Open finance set to benefit New Zealand consumers - report
Open finance is expected to become the standard for consumers' financial welfare and empowerment, according to an Aotearoa fintech research report.
"The huge opportunities for Kiwi businesses and consumers can't be ignored, with open finance set to increase competition and innovation across many sectors," says FinTechNZ executive director, Jason Roberts.
"We're in a perfect position, with open finance in its infancy, to leverage this technology to help contribute to reducing financial exclusion and lay down the foundations for a strong digital economy. Open finance, if done right, provides an enormous opportunity to address inequities, both now and in the foreseeable future, helping Kiwis better manage their finances."
He says emerging fintech such as open finance is redefining how we borrow, lend, save, spend, store and transfer money. Disruptive technologies revolutionise traditional financial services, creating new services for consumers and opportunities for start-up entrepreneurs and corporate innovators.
Part of the NZ Tech Alliance, FinTechNZ is a not-for-profit that unites New Zealand financial service providers, tech innovators, investor groups, government regulators, financial educators.
Open finance will allow individuals and businesses to access and use any financial data supplied by them, or created on their behalf by their provider, be that a bank, insurance company, utility or any firm that holds their financial transaction data.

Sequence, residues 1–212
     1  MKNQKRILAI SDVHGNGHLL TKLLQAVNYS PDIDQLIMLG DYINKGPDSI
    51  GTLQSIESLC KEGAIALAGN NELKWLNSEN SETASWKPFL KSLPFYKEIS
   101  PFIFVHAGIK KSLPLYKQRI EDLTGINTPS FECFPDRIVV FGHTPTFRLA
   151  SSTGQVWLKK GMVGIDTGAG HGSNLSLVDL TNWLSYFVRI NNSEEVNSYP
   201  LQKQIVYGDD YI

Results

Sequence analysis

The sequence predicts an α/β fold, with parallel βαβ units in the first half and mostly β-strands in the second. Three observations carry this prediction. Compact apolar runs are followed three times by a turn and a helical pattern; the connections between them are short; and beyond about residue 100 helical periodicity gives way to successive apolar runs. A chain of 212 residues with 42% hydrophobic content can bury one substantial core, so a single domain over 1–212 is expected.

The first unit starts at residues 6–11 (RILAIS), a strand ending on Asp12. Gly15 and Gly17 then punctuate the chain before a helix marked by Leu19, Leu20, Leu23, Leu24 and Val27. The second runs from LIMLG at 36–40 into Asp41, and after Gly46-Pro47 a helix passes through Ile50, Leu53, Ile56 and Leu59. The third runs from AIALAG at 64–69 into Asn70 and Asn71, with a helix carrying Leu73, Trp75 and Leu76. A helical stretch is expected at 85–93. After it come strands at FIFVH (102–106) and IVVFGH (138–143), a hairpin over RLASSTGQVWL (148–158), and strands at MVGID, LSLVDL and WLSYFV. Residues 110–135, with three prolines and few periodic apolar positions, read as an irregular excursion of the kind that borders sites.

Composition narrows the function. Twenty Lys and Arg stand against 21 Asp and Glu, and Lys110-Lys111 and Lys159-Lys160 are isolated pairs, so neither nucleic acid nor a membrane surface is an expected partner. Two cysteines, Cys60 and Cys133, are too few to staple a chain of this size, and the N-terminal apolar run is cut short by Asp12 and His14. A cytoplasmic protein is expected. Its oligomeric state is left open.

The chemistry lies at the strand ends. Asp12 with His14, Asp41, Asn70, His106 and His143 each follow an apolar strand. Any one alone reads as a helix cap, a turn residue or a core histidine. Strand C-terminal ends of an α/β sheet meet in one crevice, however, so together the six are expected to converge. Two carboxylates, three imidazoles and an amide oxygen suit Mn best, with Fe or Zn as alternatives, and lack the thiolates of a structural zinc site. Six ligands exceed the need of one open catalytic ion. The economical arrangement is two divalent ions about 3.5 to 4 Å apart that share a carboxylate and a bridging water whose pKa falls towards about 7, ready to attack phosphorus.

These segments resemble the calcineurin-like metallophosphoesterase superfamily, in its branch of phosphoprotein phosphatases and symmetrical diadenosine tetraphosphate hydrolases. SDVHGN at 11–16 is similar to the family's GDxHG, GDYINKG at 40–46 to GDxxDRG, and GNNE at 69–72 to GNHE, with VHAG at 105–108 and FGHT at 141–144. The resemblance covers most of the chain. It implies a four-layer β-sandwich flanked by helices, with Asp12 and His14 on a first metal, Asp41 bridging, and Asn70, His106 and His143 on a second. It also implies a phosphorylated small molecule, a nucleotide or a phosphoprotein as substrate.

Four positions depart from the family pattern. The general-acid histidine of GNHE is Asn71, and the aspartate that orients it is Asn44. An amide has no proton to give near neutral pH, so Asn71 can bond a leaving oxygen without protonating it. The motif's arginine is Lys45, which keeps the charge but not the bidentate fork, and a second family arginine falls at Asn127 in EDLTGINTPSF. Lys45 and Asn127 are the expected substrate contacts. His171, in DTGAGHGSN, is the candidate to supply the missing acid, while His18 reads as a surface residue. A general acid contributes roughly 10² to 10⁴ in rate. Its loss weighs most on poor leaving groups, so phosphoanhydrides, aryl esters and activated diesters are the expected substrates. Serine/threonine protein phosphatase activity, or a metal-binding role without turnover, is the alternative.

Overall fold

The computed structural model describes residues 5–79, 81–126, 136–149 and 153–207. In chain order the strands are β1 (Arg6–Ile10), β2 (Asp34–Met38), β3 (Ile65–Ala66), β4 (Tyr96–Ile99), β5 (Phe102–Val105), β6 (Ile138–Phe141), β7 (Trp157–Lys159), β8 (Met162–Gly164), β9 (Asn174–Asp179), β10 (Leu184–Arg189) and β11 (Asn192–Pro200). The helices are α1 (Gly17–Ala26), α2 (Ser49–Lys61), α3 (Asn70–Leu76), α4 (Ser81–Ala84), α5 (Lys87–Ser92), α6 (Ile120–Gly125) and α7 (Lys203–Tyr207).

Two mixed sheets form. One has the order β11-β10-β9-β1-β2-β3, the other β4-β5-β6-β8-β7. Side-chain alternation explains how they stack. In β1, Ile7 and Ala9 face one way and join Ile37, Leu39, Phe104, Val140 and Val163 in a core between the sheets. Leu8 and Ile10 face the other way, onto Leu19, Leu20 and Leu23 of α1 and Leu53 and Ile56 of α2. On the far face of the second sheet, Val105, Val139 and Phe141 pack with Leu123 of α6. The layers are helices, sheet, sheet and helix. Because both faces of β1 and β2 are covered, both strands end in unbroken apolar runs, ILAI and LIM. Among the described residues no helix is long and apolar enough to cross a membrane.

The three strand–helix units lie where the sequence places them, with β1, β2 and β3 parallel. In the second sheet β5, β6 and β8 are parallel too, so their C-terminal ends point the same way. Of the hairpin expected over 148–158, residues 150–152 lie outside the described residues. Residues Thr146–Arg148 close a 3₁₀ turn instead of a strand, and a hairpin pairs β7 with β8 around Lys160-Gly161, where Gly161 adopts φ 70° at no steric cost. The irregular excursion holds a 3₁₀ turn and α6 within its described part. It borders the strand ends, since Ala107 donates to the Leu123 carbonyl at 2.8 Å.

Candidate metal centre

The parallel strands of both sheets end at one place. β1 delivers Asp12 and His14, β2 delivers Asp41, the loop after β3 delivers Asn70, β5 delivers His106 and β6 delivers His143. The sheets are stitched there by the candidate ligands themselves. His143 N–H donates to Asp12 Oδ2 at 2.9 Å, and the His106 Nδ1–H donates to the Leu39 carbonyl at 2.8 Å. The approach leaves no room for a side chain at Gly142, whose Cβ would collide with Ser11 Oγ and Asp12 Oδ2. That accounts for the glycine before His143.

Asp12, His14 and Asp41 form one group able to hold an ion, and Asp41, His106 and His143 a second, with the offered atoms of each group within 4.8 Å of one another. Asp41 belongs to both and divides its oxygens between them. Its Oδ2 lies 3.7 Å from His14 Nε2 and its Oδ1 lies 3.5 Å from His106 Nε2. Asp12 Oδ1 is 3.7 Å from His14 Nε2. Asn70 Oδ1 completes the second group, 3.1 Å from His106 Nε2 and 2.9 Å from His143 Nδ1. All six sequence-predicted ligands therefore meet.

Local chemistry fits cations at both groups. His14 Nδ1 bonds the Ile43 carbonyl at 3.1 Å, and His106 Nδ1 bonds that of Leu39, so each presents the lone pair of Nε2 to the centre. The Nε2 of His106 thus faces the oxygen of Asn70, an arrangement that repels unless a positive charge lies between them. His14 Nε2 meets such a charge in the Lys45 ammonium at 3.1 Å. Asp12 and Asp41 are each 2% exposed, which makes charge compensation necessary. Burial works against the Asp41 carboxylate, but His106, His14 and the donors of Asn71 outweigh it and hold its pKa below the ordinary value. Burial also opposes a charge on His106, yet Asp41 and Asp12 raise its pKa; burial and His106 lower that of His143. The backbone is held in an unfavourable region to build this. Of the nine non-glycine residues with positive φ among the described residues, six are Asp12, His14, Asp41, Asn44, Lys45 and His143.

Digital economy minister David Clark will launch the open finance research report on Wednesday, March 30th.
According to the report, there is low awareness and understanding in New Zealand about open finance and its benefits. This needs to be improved, the report says.
Improvements in the connectivity of financial systems, computing power and data collection offer an opportunity to overcome New Zealand's isolation problem.
"Some of Aotearoa's most successful international fintechs are already leading the way. But fintech can only thrive when regulation allows it to," the report says.
"It's critically important that New Zealand's fintech ecosystem is set in a foundation of trust, clear rules around liability, terms of access and privacy, technical standards and collaboration with government."
The Open Finance Aotearoa Research Report says New Zealand has historically been at the forefront of equity, financial or otherwise. It says the path toward open finance presents less an obstacle than a continuation of the ability to adapt, lead and succeed in a new era of global digital transformation.
"Open finance could make Aotearoa's financial services industry more transparent, equitable and competitive and provide access to more products and solutions, even to those who are not digitally literate," says Roberts.
"Moreover, it provides compelling evidence supporting progressive and controlled adoption of open finance. Research participants wanted to see a bigger shake up and redesign the finance system for the Aotearoa environment and consumers."
He says the pending consumer data rights legislation is expected to enable this.